District of Columbia Attorney General Karl Racine announced today that his office is suing food delivery service DoorDash for deceiving consumers by taking tips from food delivery workers. “DoorDash misled consumers, who reasonably believed that their tips would go to workers, not the company’s bottom line,” said Racine. Five months after the office began its investigation, DoorDash explained that it would change its tipping practices, promoting it as a raise for drivers without paying back any of the tips it took under its previous policy. With this lawsuit, the DC Attorney General is seeking to force DoorDash to surrender these tips and pay civil penalties for violating DC’s consumer protection law.
“Increasing numbers of people in mission- and passion-driven fields are waking up to the fact that they are, despite the trappings of middle-class-ness, still workers doing a job,” wrote Sarah Jaffe at The Progressive. In recent weeks, staff at the Southern Poverty Law Center and the National Center for Transgender Equality have taken action in response to their employers’ refusal to voluntarily recognize their unionization efforts. A supermajority of SPLC staff signed union authorization cards before filing an NLRB election petition, and NCTE staff filed a complaint against the organization alleging retaliation after it fired all workers in their bargaining unit. The NCTE staff union’s press release noted, “Ironically, organizing a union and negotiating a contract that prohibits discrimination based on gender identity is the only way for transgender workers to have explicit legal protections in the workplace in over half the country.”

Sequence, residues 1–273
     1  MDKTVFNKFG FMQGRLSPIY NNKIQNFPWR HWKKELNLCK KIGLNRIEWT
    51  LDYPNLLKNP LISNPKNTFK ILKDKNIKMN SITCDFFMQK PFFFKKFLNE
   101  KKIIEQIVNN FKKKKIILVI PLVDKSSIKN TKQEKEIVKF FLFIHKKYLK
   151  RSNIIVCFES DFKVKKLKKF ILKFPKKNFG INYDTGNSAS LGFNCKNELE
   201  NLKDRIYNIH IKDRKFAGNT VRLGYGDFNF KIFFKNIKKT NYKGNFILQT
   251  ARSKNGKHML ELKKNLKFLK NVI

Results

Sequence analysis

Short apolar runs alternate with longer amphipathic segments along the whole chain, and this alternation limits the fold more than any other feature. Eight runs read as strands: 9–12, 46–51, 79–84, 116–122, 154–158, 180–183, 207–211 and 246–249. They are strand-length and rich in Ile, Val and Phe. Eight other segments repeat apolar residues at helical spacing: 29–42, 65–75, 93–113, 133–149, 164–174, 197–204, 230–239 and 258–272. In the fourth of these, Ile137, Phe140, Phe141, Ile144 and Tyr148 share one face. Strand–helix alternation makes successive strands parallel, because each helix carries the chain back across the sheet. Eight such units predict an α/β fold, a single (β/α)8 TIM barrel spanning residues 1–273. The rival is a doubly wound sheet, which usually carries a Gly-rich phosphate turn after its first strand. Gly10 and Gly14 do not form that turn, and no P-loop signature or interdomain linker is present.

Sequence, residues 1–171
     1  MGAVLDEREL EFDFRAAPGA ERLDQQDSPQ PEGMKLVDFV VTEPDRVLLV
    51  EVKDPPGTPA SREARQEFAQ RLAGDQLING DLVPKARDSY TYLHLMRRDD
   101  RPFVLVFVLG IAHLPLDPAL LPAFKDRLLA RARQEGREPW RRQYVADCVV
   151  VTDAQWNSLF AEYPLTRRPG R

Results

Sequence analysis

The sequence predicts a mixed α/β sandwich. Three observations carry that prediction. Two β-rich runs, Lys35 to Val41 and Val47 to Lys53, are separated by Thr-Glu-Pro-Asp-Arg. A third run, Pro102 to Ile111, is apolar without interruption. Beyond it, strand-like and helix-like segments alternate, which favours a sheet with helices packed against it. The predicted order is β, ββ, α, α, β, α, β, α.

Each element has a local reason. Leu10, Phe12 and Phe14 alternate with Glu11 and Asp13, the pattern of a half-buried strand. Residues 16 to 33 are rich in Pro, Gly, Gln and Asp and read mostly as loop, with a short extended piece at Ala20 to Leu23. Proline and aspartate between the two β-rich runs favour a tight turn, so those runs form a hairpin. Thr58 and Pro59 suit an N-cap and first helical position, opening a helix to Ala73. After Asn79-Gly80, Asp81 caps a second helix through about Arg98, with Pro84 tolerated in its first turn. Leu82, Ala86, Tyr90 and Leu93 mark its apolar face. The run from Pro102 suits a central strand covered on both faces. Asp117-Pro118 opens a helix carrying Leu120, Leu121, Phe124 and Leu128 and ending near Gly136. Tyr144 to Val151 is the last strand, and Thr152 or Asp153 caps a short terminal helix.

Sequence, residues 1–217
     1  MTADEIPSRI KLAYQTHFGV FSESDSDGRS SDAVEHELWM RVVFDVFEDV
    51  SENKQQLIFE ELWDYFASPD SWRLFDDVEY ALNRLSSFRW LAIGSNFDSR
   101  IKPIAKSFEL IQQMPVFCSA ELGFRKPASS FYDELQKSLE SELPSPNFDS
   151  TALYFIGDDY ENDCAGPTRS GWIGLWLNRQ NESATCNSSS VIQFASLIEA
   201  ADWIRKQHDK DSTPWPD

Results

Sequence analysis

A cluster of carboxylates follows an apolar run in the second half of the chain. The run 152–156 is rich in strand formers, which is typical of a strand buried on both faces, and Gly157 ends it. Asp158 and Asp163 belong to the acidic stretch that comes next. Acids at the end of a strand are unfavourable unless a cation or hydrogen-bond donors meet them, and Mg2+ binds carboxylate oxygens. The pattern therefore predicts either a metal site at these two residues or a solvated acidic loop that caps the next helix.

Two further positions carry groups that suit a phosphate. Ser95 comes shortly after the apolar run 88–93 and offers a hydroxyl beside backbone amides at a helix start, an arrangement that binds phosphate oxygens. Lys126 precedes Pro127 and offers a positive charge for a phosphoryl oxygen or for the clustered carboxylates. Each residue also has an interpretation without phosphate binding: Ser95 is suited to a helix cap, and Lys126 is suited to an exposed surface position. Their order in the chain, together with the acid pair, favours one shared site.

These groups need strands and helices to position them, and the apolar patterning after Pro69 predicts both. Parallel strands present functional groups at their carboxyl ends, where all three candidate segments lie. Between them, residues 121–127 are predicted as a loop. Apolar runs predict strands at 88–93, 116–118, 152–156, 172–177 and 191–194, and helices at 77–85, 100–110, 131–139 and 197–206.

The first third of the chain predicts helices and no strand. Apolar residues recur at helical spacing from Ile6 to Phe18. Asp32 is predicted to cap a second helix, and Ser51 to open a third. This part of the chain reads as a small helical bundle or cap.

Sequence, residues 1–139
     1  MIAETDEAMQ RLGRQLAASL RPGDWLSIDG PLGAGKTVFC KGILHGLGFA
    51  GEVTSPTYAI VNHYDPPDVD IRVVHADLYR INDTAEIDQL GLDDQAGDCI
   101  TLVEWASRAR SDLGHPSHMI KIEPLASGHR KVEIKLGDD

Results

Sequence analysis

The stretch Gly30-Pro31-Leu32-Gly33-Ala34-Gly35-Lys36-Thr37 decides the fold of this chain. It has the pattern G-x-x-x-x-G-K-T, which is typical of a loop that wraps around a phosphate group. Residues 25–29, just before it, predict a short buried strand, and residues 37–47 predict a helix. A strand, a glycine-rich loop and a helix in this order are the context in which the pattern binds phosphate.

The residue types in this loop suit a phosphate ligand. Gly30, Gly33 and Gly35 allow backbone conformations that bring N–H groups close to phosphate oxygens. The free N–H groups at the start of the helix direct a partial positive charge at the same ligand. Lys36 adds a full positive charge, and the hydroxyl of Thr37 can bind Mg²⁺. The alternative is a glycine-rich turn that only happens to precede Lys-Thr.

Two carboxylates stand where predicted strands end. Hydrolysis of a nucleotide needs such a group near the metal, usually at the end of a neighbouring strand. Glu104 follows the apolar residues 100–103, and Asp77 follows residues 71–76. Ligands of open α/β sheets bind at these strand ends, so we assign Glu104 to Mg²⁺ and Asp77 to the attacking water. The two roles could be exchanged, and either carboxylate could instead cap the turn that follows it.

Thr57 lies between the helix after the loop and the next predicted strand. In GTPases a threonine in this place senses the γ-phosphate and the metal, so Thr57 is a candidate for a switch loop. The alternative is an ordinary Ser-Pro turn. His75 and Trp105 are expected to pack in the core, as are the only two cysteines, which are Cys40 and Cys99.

Vice investigated the emerging “platform cooperativism” movement, as worker-owned apps are increasingly providing alternatives to widespread exploitation in the gig economy. The worker-owners of Up & Go, a home cleaning app in New York City, are primarily immigrant women from Latin America. Up & Go cleaners earn $25 per hour, more than double what workers typically earned on their own or through other services. “On other apps, the owners set your wages, but we set our own wages,” said worker-owner Esmeralda Flores. Examples from other countries include Mensakas, a worker-owned delivery app started by two former Deliveroo food couriers in Spain; CoopCycle, a federation of bike delivery co-ops in 16 European cities; and Eva, an alternative to Lyft and Uber in Montreal.